By Michael Givens | September 18, 2018 | 3 Minute Read
Saturday, September 15th marked the 10-year anniversary of the International Day of Democracy (IDD), a worldwide observance acknowledging the importance of democracy around the world. This day is an affirming reminder of the power and privilege that comes with being able to vote and participate in shaping the leadership of our state, as well as our nation. Everyone’s voice is important and they go a long way toward impacting who our leaders are and the laws they pass that impact our day-to-day lives.
This year’s International Day of Democracy resonates strongly with Eastern Bank’s commitment to raising awareness around three key issues leading up to the midterm elections on November 6th: Yes on 3 (in support of the LGBTQ Public Accommodations Bill), taking part in the immigration and DACA discussions in our country, and celebrating the women running for office. Regardless of where you stand on these issues, the importance of practicing the right to make your voice known and heard is crucial for any American citizen.
According to the Pew Research Center, as of 2016, roughly 58 percent of countries in the world have a democratic government. Among the 38 nations that were polled, the concept of democracy and democratic values was quite popular. “…majorities in each of the 38 countries polled consider representative democracy a very or somewhat good way to govern their country; majorities in nearly all of the surveyed countries said the same thing about direct democracy.”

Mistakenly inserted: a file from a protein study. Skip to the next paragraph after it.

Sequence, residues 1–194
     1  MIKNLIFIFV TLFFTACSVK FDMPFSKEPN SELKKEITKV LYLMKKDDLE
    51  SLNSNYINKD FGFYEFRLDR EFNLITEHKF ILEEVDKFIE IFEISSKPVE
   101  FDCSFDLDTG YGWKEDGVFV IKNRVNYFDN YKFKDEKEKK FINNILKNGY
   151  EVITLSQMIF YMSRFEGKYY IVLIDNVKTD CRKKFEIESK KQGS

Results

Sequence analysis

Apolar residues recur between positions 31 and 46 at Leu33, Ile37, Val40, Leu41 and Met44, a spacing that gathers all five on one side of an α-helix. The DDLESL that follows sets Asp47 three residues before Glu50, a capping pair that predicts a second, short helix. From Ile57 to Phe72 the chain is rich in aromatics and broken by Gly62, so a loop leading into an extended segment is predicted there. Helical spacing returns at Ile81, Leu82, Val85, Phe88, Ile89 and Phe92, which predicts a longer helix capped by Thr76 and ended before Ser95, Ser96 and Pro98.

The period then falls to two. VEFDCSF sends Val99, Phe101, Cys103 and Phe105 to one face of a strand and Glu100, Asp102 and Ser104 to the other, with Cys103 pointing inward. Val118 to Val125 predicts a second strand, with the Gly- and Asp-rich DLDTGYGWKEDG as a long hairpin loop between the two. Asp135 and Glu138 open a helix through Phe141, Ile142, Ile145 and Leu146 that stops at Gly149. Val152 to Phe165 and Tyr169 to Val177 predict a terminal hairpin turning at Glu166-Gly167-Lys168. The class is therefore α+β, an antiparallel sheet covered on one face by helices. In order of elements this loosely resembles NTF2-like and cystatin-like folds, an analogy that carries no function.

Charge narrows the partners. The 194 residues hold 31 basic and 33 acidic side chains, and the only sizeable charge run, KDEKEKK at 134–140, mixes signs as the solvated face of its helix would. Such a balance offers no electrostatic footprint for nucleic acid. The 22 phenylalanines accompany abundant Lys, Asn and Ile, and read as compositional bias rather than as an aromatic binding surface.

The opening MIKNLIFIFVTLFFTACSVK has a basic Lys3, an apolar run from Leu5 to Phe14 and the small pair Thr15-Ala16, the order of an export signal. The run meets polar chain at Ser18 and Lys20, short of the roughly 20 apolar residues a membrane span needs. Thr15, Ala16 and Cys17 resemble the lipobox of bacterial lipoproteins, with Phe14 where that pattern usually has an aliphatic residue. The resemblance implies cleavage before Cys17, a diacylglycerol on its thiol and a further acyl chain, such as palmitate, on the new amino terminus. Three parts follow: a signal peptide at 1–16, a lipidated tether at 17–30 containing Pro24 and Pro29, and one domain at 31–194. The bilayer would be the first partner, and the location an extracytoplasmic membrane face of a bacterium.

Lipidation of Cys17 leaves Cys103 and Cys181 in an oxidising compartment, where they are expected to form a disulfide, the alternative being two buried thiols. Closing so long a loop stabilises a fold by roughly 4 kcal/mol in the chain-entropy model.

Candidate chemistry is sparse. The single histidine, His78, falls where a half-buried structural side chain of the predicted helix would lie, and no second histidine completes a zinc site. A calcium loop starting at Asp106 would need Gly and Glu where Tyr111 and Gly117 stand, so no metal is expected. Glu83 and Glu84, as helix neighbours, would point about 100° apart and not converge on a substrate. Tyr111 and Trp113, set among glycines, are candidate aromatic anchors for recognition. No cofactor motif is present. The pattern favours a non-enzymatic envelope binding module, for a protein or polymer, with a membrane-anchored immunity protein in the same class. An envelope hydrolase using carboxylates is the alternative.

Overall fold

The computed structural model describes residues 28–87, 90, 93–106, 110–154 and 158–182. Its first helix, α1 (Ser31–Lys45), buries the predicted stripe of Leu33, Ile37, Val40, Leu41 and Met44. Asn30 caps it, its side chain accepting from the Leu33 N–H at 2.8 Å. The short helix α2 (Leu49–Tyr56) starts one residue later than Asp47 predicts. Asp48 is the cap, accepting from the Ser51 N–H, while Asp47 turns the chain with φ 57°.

A cornerstone of democracy has been the concept of “one person, one vote,” or the principle that every legal citizen’s vote should be equal under the law. In Massachusetts, the primary elections were held on September 4th for a range of offices, from state elected officials to members of Congress. The same is true in New Hampshire, which had its primary election on September 11th. The midterm elections will take place on Tuesday, November 6th across the nation.
“Suffrage that is equally accessible to all Americans is the very backbone of our democracy,” said former Center for American Progress researcher Scott Keyes.
If you’re unsure about whether you’re registered to vote, visit the Secretary of State’s website in Massachusetts or New Hampshire, depending on where you live. The deadline to register in Massachusetts is Wednesday, October 17th; and in New Hampshire, unregistered voters can register to vote from now until election day.
You can find your polling location in Massachusetts by visiting WhereDoIVoteMA.com and filling out a brief form, which will let you know exactly where your polling location is. In New Hampshire, the Secretary of State’s website offers an easy-to-use search function that also provides a quick way to discover your polling location.
Why vote? Our collective votes place elected officials in leading roles to determine the laws that shape our states and communities. They also help determine the funding levels for the services we all use such as our schools, the maintenance of our roads and bridges, and our public transportation systems. Ballot initiatives in each state also allow the public to vote on certain laws and policies that impact our lives.
In Massachusetts, there are three ballot questions that focus on:
- The number of nurses assigned to patients in our hospitals
- Whether to address the issue of corporate spending in elections
- Legal protections for those who identify as transgender
In New Hampshire, there are two ballot questions addressing:
- The right to privacy and freedom from interference from the state government
- Whether taxpayers may sue the state of New Hampshire for misuse of public funds
Your vote will go a long way in determining the type of communities our friends, families, and coworkers live in. Join Eastern Bank in honoring International Day of Democracy and commit to exercising your right to vote and help build our collective futures!
Register to vote and make your voice hear during the November 6th election!